A Common Practices Trap: Over-Reliance on Agile Frameworks

Similar to technology, there are pitfalls associated with over-reliance on practices, which often manifest as an oversimplification of agile adoption and/or the perception that all that is needed to become an agile organization is to implement an agile framework. It is important to understand that agile frameworks like SAFe®, LeSS, Scrum @ Scale, DAD, and others, when well-understood and thoughtfully applied, can be incredibly valuable. However, without adoption of the underlying mindset or the rationale behind the framework, they do not necessarily get at the root cause of issues or solve problems. Sometimes, in fact, organizations simply adopt the vocabulary of the framework, without integrating the mindset. In these instances, the framework becomes no more than a tool—it might further shed light on already apparent issues, but as we’ve pointed out, tools do not solve problems. Frameworks used as tools do not guide people in changing processes.

It is understandable that well-intentioned organizations might be drawn to the documentation and roadmaps that frameworks offer—they are a treasure trove of information—but they are not prescriptive methodologies, and it’s the application of that information that really matters. Simply adhering to a prescribed set of processes can be a way of abdicating responsibility, which is the antithesis of self-reliance—teams may look productive, they may use new terminology for old practices, but it doesn’t necessarily signify change. In some cases, particularly where a more people-focused issue like acceptance of failure has not been addressed, it can foster a mindset that if things go wrong, the system is to blame, and this reinforces a lack of accountability.

For framework-informed practices to be effective, an organization must take responsibility for how they are adopted—not just that they are implemented. Frameworks are a starting point, but they are not necessarily the end goal. Based on an organization’s unique circumstances and needs, stakeholders will need to selectively make decisions about what to apply and how to apply it, and may even apply things that sit outside the framework. Using the “why” behind the framework, and guided by their own purpose and values, companies can choose a set of practices to implement in order to drive focused change. Of course, like all things agile, this is intended to be an iterative process with no fixed endpoint, because in business, as we all know, nothing is stagnant and what works today may not serve tomorrow.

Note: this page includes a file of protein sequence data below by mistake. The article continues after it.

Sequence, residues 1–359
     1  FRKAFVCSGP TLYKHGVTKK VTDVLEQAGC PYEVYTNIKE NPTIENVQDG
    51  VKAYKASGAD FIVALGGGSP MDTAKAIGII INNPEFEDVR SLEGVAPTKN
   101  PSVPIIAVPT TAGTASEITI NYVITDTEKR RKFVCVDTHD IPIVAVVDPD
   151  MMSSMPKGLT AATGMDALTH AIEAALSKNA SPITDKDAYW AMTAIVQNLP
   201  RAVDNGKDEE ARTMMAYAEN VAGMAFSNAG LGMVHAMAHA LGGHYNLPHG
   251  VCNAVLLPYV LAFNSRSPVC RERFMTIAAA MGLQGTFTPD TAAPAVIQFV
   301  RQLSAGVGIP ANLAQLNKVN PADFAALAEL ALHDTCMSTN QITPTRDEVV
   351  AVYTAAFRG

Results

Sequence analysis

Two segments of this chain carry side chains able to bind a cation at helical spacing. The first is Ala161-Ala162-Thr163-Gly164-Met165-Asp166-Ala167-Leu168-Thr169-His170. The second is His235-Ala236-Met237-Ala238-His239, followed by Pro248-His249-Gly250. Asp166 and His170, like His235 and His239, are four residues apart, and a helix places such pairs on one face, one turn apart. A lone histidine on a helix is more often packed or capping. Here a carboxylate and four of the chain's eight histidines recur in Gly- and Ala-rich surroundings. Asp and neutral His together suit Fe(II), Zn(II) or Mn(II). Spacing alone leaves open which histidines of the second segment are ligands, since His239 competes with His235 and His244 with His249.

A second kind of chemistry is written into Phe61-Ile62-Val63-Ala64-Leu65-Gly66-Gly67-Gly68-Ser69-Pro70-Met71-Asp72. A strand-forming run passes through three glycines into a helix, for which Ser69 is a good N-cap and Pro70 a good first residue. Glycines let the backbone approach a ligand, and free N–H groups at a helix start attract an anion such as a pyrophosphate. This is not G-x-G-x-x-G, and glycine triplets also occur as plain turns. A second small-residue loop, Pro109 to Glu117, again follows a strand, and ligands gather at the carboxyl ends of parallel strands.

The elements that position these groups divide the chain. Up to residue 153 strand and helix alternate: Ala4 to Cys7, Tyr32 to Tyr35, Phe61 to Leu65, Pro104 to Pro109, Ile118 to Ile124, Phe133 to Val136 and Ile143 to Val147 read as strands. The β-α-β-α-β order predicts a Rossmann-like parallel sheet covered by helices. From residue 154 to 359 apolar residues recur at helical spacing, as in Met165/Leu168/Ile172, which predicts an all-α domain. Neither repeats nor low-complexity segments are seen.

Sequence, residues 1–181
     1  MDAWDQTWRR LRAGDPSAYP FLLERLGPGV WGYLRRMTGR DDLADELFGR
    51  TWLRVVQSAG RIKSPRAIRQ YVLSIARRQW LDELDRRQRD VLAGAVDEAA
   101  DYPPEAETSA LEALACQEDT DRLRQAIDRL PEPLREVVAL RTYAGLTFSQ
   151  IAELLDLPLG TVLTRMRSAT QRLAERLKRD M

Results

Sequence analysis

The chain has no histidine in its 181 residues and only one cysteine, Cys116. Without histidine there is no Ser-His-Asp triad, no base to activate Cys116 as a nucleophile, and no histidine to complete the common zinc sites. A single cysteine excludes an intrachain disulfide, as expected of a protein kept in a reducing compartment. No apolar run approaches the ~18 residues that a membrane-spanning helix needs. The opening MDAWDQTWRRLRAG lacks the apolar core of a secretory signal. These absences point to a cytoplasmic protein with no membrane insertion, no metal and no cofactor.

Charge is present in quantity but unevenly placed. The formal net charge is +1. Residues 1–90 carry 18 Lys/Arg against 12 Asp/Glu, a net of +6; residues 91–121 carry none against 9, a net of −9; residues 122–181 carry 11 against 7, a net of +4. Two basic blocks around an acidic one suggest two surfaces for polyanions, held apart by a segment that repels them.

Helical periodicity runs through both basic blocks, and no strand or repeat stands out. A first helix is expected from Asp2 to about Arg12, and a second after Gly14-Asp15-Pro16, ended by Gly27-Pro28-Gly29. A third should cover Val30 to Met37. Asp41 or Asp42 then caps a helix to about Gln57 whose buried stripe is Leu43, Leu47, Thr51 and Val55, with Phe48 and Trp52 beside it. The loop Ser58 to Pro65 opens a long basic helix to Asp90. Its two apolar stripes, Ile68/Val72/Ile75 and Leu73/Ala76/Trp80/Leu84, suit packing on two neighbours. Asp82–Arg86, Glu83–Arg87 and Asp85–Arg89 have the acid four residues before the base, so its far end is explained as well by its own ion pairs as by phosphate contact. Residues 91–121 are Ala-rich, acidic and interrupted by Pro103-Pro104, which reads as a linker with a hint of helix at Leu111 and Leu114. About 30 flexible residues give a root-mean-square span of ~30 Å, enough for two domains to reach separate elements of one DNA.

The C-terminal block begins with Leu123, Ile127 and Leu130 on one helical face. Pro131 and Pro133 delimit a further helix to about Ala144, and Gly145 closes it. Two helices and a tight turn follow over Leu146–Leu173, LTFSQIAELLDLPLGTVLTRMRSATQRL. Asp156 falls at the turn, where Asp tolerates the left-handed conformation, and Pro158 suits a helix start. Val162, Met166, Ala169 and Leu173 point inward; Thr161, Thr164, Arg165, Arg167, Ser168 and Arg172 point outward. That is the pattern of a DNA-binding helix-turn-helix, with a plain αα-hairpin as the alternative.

Rather than allowing the framework to serve as an authority figure, the goal with framework-informed practices is to become your own authority. It’s an important nuance: by positioning the framework as the authority figure, it holds the power and responsibility for the outcome, enabling people to choose to stop thinking critically about it and setting the stage for the aforementioned abdication of responsibility. By positioning people within the organization as the authority, they necessarily must take responsibility for how the framework is implemented and for the outcomes, which is a critical step on the path toward self-reliance.

It is interesting to note that in the agile community, a divide has developed among those who favor frameworks and those who are against them. At Isos Technology, we hold a more agnostic view—the frameworks themselves are full of positive intent, but it is the responsibility of the organization and the people within it to see that they are thoughtfully adopted.

People are the authority. Not the framework.

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The People Mechanism

When we refer to the people mechanism as it relates to the Isosceles Agility Triangle, we are speaking broadly about all things culture-related, including values, mindset, and behaviors. Leaning into the people mechanism is perhaps the most challenging maneuver to execute, but it also has the greatest potential to drive value and evolutionary growth. Think of it this way: every organization is a collection of people, and everything those people do should be driving customer value, which ultimately drives business agility and long-term organizational success. It follows then, that for any company looking to achieve results, supporting people should be the top priority.